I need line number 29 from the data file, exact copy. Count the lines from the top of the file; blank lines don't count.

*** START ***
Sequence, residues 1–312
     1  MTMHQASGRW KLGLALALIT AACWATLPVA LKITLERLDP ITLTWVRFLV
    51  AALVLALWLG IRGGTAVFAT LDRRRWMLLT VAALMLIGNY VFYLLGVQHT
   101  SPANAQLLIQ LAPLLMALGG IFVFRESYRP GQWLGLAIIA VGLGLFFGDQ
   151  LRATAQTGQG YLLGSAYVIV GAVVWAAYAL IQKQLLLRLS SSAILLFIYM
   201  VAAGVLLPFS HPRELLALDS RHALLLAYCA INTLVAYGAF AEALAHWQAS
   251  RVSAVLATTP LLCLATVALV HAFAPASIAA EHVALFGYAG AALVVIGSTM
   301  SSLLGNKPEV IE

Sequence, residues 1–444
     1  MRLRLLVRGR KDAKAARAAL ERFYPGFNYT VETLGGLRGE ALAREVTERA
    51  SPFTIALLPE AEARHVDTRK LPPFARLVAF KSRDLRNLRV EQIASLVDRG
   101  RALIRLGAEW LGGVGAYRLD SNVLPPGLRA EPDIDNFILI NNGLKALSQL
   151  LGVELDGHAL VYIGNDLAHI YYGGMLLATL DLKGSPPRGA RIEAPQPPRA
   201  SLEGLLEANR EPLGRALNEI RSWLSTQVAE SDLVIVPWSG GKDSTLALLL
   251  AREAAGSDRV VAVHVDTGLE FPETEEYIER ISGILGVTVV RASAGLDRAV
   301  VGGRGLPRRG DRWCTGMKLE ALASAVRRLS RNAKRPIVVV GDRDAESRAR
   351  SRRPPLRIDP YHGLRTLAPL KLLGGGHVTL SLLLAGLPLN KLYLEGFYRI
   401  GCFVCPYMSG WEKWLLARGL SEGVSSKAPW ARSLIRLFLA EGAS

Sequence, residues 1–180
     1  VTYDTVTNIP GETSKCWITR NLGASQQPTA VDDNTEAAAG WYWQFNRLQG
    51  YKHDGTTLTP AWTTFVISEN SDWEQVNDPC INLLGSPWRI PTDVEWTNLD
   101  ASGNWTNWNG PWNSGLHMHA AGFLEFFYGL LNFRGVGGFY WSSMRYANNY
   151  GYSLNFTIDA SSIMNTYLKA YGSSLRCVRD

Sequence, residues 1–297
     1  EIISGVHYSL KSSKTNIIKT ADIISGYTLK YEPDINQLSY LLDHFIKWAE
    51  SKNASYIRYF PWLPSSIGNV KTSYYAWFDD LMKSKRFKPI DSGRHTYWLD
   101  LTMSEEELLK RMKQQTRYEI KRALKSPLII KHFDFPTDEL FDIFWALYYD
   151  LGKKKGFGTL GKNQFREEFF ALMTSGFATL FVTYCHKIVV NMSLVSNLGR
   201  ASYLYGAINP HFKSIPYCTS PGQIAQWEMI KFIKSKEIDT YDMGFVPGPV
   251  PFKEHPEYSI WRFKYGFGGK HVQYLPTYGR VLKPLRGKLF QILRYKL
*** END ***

   201  ASYLYGAINP HFKSIPYCTS PGQIAQWEMI KFIKSKEIDT YDMGFVPGPV